The subject needed to cover so long and narrow a surface had to be one comprising many figures. A procession was therefore considered to be suitable.The ancient sources that refer to the frieze are all later than the Parthenon, beginning at the end of the 5th century B.C. At some points, the sources do not agree with the rpresentations themselves. This disagreement has given rise to varying interpretations. Most scholars, nonetheless, with minor variations, agree that the theme of the Parthenon frieze is the procession of the Panathenaia, the main part of the Great Panathenaic festival in honour of the goddess Athena, protectress of the city. The festival was celebrated every four years with contests, sacrifices and with the presentation to the goddess' statue of a peplos, woven during the preceeding nine months by the ergastinai who embroidered it with a scene of the Gigantomachy. The procession begins at the southwest corner of the temple and divides into two sections, each of which moves toward the east. One goes along the south side, while the other traverses the west end and then moves along the north. Both end at the east, above the entrance to the temple. On the west and north sides,move from right to left as seen by the viewer. Along the south, they move from left to right. The actual procession began in the Kerameikos, at the Pompeion, a building with a spacious court, where the horsemen and their horses made ready for the parade, as is shown on the west end. The area along which the procession moved was known as the Dromos or Panathenaic Way, a road that cut diagonally across the Agora. Here the riders raced their horses and the apobates contest took place. All this is shown on the parallel files of the north and south friezes. Then follow: political representatives, musicians and skaphephoroi (tray-bearers) along the south side, thallophoroi (bearers of olive branches), musicians, hydriaphoroi (bearers of water-vessels) and skaphephoroi along the north side. Finally, at the east end of both sides, come the sacrificial animals. Scattered at intervals throughout the long procession are teletarchai (in charge of the ceremonies), epoptes (marshalls) and servants. The procession ends at the Acropolis, where the peplos is presented in the presence of the gods and heroes, as depicted on the east end. The atmosphere of preparation, the start, the increasing rhythm of horses and chariots and, finally, the end, all is wonderfully and vividly conveyed. The scenes unfold, from block to block with the rhythm of a cinema-film.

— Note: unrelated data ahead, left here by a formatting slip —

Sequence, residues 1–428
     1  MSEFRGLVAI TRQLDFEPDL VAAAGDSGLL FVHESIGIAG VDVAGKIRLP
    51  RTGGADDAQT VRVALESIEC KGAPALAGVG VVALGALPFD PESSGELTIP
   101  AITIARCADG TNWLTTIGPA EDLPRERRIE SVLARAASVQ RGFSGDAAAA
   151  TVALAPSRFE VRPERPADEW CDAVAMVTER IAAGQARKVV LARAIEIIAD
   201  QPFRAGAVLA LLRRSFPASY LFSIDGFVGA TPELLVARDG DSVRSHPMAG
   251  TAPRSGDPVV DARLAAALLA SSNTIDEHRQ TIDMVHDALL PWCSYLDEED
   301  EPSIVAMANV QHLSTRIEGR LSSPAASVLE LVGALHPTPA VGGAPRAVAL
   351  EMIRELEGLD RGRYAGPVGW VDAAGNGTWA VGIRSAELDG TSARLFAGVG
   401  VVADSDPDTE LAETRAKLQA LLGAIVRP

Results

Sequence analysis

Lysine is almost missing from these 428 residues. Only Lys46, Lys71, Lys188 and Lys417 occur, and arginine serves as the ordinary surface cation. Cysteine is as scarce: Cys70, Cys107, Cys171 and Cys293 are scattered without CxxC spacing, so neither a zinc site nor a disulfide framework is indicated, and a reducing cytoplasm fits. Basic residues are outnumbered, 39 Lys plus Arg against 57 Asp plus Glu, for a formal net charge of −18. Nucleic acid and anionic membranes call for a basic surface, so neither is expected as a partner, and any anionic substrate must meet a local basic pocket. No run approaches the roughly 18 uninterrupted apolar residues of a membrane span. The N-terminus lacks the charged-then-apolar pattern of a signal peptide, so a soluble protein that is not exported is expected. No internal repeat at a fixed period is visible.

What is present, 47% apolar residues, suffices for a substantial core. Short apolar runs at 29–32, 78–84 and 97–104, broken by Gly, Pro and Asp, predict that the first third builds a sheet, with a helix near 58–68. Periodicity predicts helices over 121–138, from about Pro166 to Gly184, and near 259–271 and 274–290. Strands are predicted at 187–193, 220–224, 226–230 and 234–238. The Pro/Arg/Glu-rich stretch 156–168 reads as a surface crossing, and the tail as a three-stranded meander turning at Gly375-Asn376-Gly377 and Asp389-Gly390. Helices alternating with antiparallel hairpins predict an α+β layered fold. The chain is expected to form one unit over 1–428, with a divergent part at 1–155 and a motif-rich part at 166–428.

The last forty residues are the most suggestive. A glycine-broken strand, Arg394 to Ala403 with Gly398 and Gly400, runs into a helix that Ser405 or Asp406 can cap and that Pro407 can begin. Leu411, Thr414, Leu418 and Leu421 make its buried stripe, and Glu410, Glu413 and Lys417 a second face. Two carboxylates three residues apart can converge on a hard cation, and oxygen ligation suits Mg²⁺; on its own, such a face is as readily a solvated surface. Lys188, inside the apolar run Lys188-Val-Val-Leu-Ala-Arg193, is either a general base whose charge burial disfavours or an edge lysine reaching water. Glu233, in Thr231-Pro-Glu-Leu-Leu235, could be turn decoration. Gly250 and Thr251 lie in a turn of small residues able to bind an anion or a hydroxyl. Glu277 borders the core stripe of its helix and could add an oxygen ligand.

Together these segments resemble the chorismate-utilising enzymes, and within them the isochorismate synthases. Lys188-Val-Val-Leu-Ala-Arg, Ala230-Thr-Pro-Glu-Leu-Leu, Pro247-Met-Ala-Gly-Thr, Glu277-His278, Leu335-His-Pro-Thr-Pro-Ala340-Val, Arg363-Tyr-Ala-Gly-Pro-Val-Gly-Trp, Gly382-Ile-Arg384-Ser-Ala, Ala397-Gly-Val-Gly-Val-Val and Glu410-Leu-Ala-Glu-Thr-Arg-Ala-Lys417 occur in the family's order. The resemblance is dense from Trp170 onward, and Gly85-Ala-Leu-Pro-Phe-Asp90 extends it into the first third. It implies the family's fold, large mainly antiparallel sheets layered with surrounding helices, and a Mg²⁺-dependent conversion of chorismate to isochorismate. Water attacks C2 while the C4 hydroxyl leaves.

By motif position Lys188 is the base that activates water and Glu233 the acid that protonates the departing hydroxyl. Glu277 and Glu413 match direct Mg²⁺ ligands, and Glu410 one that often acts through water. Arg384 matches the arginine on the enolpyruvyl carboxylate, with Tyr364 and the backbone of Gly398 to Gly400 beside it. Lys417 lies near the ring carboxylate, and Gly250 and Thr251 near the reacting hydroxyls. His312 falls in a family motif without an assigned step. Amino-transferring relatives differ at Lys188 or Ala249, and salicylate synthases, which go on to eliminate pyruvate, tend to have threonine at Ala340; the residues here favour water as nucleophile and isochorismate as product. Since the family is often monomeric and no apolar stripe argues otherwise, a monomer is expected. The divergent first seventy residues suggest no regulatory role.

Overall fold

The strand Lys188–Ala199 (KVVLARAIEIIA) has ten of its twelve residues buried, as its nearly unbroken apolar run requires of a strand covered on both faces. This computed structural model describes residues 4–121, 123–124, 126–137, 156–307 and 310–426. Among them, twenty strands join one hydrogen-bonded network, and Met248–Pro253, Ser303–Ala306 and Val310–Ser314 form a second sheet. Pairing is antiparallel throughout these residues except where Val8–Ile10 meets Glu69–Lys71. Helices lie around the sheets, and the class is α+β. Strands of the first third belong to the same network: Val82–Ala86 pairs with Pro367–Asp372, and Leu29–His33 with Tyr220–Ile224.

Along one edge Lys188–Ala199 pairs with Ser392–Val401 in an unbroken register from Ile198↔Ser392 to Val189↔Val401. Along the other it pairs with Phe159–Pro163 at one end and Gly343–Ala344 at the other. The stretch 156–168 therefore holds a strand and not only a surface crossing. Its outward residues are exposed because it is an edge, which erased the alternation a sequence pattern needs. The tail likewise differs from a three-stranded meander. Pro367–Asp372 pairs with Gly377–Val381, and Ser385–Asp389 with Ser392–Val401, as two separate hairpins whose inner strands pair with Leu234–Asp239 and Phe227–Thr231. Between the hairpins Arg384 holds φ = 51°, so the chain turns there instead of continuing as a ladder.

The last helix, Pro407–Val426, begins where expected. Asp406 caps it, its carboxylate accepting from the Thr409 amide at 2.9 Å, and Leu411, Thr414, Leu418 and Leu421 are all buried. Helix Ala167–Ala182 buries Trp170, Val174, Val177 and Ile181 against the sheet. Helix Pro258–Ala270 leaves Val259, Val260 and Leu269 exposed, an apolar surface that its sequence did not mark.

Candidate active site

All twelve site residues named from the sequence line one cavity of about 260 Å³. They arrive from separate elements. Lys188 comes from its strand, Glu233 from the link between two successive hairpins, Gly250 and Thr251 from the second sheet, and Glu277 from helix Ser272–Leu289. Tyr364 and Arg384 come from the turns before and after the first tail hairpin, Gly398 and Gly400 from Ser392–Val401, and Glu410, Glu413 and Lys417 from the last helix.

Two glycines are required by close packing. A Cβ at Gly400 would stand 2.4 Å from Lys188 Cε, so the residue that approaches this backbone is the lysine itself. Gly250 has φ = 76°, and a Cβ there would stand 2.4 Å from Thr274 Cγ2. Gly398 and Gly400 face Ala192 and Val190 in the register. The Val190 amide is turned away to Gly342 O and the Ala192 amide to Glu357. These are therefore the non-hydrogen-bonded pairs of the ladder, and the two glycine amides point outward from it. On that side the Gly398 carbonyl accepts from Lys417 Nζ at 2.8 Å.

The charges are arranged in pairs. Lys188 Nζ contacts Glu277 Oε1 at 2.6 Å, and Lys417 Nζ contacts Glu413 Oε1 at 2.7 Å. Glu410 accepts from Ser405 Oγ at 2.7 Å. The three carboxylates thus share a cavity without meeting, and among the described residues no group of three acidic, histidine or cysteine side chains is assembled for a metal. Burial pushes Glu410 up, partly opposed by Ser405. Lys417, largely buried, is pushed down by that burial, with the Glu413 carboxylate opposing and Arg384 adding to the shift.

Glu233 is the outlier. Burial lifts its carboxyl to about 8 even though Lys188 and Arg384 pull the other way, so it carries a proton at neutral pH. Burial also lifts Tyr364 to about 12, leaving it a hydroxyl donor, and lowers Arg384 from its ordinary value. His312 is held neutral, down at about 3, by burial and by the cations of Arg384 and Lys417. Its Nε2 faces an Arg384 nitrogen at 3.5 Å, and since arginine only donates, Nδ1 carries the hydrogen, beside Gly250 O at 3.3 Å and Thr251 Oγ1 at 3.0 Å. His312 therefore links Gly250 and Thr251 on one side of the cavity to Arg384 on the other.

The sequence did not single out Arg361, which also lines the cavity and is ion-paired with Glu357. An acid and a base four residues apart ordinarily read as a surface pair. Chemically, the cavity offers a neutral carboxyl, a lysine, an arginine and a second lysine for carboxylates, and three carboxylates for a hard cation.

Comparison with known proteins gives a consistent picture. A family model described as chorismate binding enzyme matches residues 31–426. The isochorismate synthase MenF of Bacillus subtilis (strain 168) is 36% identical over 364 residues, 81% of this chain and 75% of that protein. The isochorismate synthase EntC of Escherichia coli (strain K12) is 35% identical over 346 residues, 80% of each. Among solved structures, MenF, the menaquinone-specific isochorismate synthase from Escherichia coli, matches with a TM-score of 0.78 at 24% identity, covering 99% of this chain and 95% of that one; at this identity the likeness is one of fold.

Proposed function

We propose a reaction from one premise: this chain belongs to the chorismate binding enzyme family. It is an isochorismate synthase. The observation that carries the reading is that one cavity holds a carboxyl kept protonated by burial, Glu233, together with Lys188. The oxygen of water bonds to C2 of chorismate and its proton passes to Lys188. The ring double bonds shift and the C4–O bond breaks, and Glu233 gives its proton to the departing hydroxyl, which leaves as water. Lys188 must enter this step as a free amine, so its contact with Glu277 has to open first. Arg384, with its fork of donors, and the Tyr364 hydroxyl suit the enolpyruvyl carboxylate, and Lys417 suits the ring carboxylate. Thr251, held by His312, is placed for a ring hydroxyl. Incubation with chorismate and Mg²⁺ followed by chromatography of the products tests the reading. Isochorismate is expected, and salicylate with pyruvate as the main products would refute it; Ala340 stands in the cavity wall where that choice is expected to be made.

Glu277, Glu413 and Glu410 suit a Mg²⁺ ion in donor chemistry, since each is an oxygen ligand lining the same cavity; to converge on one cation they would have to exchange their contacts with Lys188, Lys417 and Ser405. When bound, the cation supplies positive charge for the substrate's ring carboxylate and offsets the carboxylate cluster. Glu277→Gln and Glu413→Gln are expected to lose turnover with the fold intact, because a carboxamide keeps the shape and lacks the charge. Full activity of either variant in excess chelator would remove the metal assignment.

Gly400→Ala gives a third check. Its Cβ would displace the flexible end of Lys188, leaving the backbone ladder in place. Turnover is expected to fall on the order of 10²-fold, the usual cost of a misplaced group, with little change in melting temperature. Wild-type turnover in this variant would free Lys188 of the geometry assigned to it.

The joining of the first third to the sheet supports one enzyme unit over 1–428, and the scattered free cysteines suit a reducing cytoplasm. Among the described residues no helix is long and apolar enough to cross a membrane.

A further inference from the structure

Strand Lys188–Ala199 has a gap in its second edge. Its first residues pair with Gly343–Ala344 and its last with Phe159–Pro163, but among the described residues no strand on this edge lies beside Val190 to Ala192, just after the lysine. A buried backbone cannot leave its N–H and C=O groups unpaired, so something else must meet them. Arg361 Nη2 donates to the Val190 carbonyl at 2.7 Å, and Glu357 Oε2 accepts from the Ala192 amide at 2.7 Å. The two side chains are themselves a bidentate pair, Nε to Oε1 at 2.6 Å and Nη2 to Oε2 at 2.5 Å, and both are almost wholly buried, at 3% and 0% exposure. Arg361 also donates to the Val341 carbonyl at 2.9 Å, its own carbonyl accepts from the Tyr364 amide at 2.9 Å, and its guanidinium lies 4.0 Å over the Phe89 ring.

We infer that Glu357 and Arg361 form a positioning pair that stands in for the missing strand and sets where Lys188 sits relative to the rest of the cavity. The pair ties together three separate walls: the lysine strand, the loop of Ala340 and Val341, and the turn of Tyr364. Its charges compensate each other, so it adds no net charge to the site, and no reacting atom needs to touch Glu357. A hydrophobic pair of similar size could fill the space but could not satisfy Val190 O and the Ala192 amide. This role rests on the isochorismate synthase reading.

This was the most important of the Athenian festivals. It was celebrated every four years in the month of Hekatombaion (July-August) in honour of the guardian of the city, the goddess Athena. Tradition held that the festival was established in prehistoric times by Erichthonios, being known then as the Athenaia. Theseus was supposed to have reorganised it at the end of the Mycenaean period and from then on the celebrations were called the Panathenaia. New changes were made by the tyrant Peisistratos in 566 B.C. The celebrations every four years (the Great Panathenaia) were held with such brilliance that during the 6th to the 4th century B.C. they were on a Panhellenic scale. The Lesser Panathenaia, held annually, were local in character. The festival of the Great Panathenaia included numerous ceremonies and sacrifices, of which the most striking was the Hekatomb (sacrifice of 100 bulls). Of great importance too were the riding, athletic and music contests. The ceremonies and games, which lasted from 4 to 12 days, reached their peak on the 28th of Hekatombaion, the day held to be Athena's birthday. On this day the people of Athens gave their goddess a peplos woven with thread-of-gold by the Arrephoroi and the Ergastinai, maidens from prominent families in the service of the goddess.